A little late, but I thought I would post the first chapter to inCapable now before I am completely cut off from civilization :-) I hope you like. Please remember this is unedited and may change. And there may be some bad language...
DECLAN: Today is the day my life changes. All I need is five minutes of Jimmy Dante’s time and he’ll see that I’m a horse he can bet on. I don’t care what I have to do or what I have to say to earn his trust and his support. I’ll get it…or I’ll die trying. Living in abandoned buildings and fishing food out of dumpsters have motivated me to rise above.
Mickey and I wait outside the double doors to Jimmy Dante’s office. Two assholes with sunglasses and suits on stand between me and my future and I stare them down, refusing to be intimidated. They’re twice the size of me, but I’m sixteen and I’ll catch up. I don’t back down from any fight, not even one I know I’ll lose.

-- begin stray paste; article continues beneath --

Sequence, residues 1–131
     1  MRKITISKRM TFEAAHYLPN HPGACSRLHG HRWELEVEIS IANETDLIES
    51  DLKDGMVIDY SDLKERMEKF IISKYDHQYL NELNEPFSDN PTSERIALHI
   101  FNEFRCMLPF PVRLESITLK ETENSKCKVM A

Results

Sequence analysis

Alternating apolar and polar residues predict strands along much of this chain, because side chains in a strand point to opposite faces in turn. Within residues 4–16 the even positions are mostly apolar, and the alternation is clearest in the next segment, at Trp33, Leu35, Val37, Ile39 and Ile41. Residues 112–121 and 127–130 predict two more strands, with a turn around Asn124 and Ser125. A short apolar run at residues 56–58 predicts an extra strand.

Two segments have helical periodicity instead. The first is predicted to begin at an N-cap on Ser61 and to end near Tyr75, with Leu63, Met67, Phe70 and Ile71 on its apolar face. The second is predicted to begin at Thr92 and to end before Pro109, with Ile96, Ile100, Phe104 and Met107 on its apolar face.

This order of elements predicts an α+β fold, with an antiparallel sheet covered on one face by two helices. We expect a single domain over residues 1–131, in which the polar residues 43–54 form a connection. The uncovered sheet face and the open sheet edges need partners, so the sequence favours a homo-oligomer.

The one on the right, with the bald head and the pock-marked face, scowls at me. He grips the muzzle and trigger of his automatic rifle a little tighter. It’s easy to act all tough when you’re packing, isn’t it?
Mickey nudges me, as if he can hear what I’m thinking—which is impressive considering I only met him a few weeks ago. “Keep your mouth shut, kid, and let me do the talking.”
I glance over at him, clenching and unclenching my fists. “Whatever you say.”
The doors open into a concrete room with no windows. There’s a door to the right and the entrance is at my back. In the center of the room is a desk, and behind it sits a very thick man with blond hair and beady eyes.
“Take a seat,” he says, pointing to the two chairs in front of the desk.
Mickey saunters forward and I match his pace, staying by his side. He drops into one seat and I take the other.
The man’s eyes stay on me the whole time. I don’t look away. I don’t give a fuck who this guy is and if I want to work for him, I have to show him that I’m tough—tough enough to stare right back at him.
“You know who I am?” he asks.
“Jimmy Dante,” I say with confidence.
“And you are?”